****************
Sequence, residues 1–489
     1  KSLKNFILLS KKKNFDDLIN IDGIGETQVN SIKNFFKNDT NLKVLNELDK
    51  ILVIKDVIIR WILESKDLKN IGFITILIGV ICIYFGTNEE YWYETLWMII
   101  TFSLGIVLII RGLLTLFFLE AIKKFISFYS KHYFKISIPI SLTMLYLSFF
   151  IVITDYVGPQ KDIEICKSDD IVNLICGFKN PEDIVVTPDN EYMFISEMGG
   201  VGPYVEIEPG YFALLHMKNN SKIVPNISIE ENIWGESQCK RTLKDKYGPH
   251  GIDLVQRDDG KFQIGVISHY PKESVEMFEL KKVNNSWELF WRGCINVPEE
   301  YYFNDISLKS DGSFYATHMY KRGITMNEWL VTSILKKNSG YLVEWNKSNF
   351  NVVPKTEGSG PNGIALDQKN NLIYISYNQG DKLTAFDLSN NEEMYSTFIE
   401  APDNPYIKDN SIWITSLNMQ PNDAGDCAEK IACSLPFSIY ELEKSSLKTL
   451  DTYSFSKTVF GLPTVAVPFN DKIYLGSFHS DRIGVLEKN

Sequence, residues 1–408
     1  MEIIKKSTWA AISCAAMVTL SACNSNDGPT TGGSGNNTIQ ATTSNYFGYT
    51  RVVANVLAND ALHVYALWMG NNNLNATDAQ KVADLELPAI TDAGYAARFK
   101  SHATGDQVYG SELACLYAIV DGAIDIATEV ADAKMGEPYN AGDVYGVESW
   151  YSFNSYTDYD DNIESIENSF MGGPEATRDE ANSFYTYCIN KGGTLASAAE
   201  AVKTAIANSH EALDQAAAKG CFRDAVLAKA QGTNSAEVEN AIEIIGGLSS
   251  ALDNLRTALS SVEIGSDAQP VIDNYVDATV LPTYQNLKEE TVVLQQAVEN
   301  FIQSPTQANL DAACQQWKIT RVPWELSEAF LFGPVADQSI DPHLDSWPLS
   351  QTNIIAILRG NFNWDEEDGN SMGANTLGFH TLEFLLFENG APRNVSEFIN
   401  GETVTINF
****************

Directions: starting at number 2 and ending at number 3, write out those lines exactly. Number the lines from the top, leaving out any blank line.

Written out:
     1  KSLKNFILLS KKKNFDDLIN IDGIGETQVN SIKNFFKNDT NLKVLNELDK
    51  ILVIKDVIIR WILESKDLKN IGFITILIGV ICIYFGTNEE YWYETLWMII